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Samson. Cam'st thou for this, vain boaster, to survey me, '" To descant on my strength, and give thy verdict? Come nearer; part not hence so slight inform'd; .' But take good heed my hand survey not thee.. .' .

Harapha. O Baal-zebub! can my ears unus'd Jlear these dishonours, and not render death? Samson. No man witholds thee, nothing from thy hand Fear I incurable; bring up thy van, My heels are fetter'd, but my fist is free. . •

Harapha. This insolence other kind of answer

fits. Samson. Go, baffled coward! lest I run upon thee Though in these chains, bulk without spirit vast, And with one buffet lay thy structure low, . l Or swing thee in the air, then dash thee down To the hazard of thy brains and shatter'd sides. . .' .* Harapha. By Astaroth, ere long thou shalt lament These braveries, in irons loaden on thee. [Exit.'] Chorus. His giantship is gone somewhat crestfallen, Stalking with less unconscionable strides, And lower looks, but in a sultry chase.

Samson. I dread him not, nor all his giant-brood, Though Fame divulge him father of five sons, All of gigantick size, Goliah chief.

Chorus. He will directly to the lords, I fear,

And with malicious counsel stir them up
Some way or other yet further to afflict thee.

Samson. He must allege some cause, and offer'd.
Will not dare mention, lest a question rise •
Whether he durst accept the offer or not;
And, that he durst not, plain enough appear'd.
Much more affliction than already felc
They cannot well impose, nor I sustain;
If they intend advantage of my labours,
The work of many hands, which earns my keeping
With no small profit daily to my owners.
But come what will, my deadliest foe will prove
My speediest friend, by death to rid me hence;
The worst that he can give, to me the best.
Yet so it may fall out, because their end
Is hate, not help to me, it may with mine
Draw their own ruin who attempt the deed.

Chorus. Oh how comely it is, and how reviving
To the spirits of just men long oppress'd!
When God into the hands of their deliverer
Puts invincible might

To quell the mighty of the earth, the oppressour,
The brute and boisterous force of violent men, .-
Hardy and industrious to support
Tyrannick power, but raging to pursue
The righteous and all such as honour truth j
He all their ammunition • I

And feats of war defeats,

With plain heroick magnitude of mind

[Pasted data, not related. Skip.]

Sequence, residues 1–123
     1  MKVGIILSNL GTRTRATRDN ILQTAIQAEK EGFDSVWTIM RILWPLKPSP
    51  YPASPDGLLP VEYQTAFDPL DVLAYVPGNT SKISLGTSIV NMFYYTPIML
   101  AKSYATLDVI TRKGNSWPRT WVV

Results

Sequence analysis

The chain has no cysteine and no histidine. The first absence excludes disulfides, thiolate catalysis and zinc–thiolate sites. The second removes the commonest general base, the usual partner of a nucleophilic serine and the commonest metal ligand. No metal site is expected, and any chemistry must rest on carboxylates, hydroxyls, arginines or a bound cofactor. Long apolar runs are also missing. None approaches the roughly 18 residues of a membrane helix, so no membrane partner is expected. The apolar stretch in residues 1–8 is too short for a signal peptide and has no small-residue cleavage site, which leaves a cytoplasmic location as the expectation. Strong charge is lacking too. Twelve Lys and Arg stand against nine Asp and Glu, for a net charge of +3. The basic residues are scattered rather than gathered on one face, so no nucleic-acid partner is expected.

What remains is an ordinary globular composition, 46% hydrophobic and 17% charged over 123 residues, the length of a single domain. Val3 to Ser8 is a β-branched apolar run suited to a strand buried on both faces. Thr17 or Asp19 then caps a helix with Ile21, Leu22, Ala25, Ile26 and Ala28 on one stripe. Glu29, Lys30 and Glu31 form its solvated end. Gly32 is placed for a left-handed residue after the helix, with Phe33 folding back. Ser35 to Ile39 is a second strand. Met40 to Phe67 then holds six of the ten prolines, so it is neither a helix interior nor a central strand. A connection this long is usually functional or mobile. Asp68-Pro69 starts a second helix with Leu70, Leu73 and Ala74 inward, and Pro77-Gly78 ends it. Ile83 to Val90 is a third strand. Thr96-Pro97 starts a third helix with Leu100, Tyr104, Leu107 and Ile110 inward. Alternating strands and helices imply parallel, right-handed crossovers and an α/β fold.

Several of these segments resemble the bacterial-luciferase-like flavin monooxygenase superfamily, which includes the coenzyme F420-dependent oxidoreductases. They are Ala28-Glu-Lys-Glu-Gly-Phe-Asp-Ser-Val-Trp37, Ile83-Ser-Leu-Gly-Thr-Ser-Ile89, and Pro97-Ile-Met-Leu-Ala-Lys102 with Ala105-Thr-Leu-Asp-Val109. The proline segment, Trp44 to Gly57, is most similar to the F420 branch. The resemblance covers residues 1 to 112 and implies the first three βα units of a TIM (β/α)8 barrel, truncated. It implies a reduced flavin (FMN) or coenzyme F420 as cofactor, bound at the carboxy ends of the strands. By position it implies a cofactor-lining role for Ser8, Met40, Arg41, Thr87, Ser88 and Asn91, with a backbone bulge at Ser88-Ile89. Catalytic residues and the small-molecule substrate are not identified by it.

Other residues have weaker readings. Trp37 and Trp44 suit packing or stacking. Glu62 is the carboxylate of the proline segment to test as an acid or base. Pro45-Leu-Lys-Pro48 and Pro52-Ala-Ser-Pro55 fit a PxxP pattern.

And celestial vigour arm'd;

Their armouries and magazines contemns,

Renders them useless; while

With winged expedition,

Swift as the lightning glance he executes

His errand on the wicked, who, surpris'd,

Lose their defence, distracted and amaz'd.

But patience is more oft the exercise
Of saints, the trial of their fortitude,
Making therfl each his own deliverer,
And victor over all
That tyranny or fortune can inflict.
Either of these is in thy lot,
Samson, with might endued
Above the sons of men; but sight beteaVd
May chance to number thee with those
Whom patience finally must crown.

This idol's day hath been to thee no day of rest,
Labouring thy mind
More than the working day thy hands.
And yet perhaps more trouble is behind,
For I descry this way
Some other tending; ip his hand
A scepter or quaint staff he bearSi
Comes ori afn&in, speed in his look.
By his habit I discern, him now

A publick -officer, and now at bwid}
His message will be short and vohribte.

Enter Officer.
Officer. Hebrews, the prisoner Samsori hews I seek.
Chorus. His manacles remark hkn, there he sits.
Cfficer. Sam9on,tothee our lords thus bid me say;
This day to Dagon is a solemn feast,
With sacrifices, triumph, pomp, and games:
Thy strength they knew surpassing human rate,
And now some pttbliek proof thereof require
To honour this great feast and great assembly;
Rise therefore with all speed, and come along,
Where I will see thee hearten'd and fresh clad,
To appear, as fits, before the illustrious lords.
Samson. Thou knoWst I am an Hebrew, there*
fore tell them,
Our Law forbids at their religious rites
My presence; for that cause I cannot come*
Officer. This answer, be assur'd, will not cttttttSnt

them. Samson. Have they not sword-players, and every sort Of gymnick artists, wrestlers, riders, runners, Juglers, and dancers, anticks, mummers* mimicks, But they must pick me out, with shackles tir'd, And over-labour'd at their publick mill) To make them sport with blind activity?

Do they not seek occasion of new quarrels
On my refulsal to distress me more,
Or make a game of my calamities?
Return the way thou cam'st, I will not come.
Officer. Regard thyself; this will offend them

highly. \

Samson. Myself? my conscience, and internal
peace. . . •

Can they think me so broken, so debas'd
With corporal servitude, that my mind ever
Will Condescend to such absurd commands?
Although their drudge, to be their fool or jester,
And in my midst of sorrow and heart-grief
To show them feats, and play before their God,
The worst of all indignities, yet on me
Join'd with extreme contempt? I will not come.
Officer. My message was impos'd on me with
Brooks no delay; is this thy resolution?

Samson. So take it with what speed thy message

needs. Officer. I am sorry what this stoutness will produce. [Exit.'] Samson. Perhaps thou shalt have cause to sorrow

indeed. Chorus. Consider, Samson; matters now are strain'd Up to the highth, whether to hold or break;

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